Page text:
During the mass an acolyte bore the thurible (Ordo VI.) and three assisted at the washing of the hands.
This office of bearing the sacrament is an ancient one, and is mentioned in the legend of Tarcisius, the Roman acolyte, who was martyred on the Appian Way while carrying the Hosts from the catacombs.
7 At ordinations they were used, as is shown by the 6th canon of the council of Carthage (398), which decrees that the acolyte is to hand to the newly ordained deacon ceroferarium cum cereo.
At most pontifical functions, moreover, the bishop - as the representative of Christ - is preceded by an acolyte with a burning candle (bugia) on a candlestick.
All these clerical preferments Wykeham held when he was a simple clerk, who had no doubt undergone the "first tonsure," but was not even ordained an acolyte till the 5th of December of this golden year.
In 1538 he obtained a dispensation permitting him to hold a benefice, notwithstanding his being a natural son, and in June 1546 he was made an acolyte in the cathedral church of Aberdeen, of which he was afterwards appointed a canon and prebendary.
When the pope rode in procession to the station an acolyte, on foot, preceded him, bearing the holy chrism; and at the church seven regionary acolytes with candles went before him in the procession to the altar, while two others, bearing the vessel that contained a pre-consecrated Host, presented it for his adoration.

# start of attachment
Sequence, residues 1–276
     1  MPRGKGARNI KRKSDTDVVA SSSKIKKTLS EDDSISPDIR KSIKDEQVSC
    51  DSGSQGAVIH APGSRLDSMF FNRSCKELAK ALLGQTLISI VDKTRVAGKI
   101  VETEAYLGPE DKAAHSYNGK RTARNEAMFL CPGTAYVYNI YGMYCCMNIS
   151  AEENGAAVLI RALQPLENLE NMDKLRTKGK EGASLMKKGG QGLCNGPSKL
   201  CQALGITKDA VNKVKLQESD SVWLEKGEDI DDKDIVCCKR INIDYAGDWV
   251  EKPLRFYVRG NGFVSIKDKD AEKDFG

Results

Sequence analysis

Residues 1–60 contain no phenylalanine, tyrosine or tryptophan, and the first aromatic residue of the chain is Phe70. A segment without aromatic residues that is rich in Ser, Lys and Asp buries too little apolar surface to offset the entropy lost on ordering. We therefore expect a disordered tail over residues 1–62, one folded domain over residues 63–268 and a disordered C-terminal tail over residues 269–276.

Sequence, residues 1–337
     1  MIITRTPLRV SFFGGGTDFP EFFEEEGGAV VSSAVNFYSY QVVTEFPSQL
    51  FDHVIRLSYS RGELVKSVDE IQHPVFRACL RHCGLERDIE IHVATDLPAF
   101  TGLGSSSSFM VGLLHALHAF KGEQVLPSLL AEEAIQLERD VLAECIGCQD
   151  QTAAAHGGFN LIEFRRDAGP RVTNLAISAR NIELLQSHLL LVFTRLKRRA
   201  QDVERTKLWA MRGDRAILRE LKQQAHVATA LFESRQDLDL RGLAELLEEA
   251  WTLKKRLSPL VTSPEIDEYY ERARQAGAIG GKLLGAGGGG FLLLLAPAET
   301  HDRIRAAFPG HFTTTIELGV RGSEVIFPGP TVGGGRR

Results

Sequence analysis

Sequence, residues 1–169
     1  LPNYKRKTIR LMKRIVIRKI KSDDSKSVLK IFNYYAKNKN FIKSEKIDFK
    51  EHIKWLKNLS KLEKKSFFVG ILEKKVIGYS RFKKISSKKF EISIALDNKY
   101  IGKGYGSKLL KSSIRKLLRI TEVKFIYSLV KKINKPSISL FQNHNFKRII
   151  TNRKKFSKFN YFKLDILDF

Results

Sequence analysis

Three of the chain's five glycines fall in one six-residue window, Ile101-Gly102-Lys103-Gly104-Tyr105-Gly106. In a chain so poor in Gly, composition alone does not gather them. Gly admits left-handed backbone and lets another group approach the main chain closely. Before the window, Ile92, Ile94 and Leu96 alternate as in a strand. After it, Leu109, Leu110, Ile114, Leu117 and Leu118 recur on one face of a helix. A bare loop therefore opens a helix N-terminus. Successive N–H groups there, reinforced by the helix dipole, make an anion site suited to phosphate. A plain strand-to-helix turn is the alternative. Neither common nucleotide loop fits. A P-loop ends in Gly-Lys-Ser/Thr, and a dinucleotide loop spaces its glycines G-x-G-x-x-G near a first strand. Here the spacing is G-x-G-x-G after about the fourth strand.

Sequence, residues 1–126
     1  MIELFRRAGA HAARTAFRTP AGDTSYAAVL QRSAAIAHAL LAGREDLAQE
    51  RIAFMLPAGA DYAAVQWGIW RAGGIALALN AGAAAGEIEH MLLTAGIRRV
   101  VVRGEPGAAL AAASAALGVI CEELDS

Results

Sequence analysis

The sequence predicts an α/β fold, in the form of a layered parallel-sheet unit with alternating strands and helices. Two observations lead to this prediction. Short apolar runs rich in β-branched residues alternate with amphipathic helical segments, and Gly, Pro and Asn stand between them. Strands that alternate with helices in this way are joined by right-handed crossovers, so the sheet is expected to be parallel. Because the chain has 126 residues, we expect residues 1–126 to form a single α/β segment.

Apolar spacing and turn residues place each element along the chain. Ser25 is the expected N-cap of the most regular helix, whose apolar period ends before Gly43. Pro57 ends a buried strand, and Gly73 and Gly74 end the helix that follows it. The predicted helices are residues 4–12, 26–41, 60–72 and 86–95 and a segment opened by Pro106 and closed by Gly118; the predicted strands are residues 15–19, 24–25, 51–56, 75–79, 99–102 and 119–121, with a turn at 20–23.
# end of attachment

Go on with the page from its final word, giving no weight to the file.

The official dress of the acolyte, according to Ordo V., was a close-fitting linen garment (camisia) girt about him, a napkin hanging from the left side, a white tunic, a stole (orarium) and a chasuble (planeta) which he took off when he sang on the steps of the ambone.
Cap. 17 d.r.), the acolyte, while remaining an order, has ceased to be essentially a clerical office, since the duties are now performed, almost everywhere, by laymen.
He was then, at Sarum, censed by the deacon, and an acolyte censed the choir; at Bangor the Sinistrum Cornu of the altar and the relics were censed instead.
ACOLYTE (Gr.bc6XovOos, follower), the last of the four minor orders in the Roman Church.
(which is not earlier than the 7th century) that we find the very simple form for admitting an acolyte to his office.
The evidence available, therefore, points to the fact that the acolyte was only a local office and was not a necessary step or order for every candidate.
The conclusion, then, which seems warranted by the evidence, is that the acolyte was an office only at Rome, and, becoming an order in the Gallican Church, found its way as such into the Roman books at some period before the fusion of the two rites under Charlemagne.
The duties of the acolyte, as given in the Roman Pontifical, are identical with those mentioned in the Statuta Ecclesiae Antigua of Arles: "It is the duty of acolytes to carry the candlesticks, to light the lamps of the church, to administer wine and water for the Eucharist."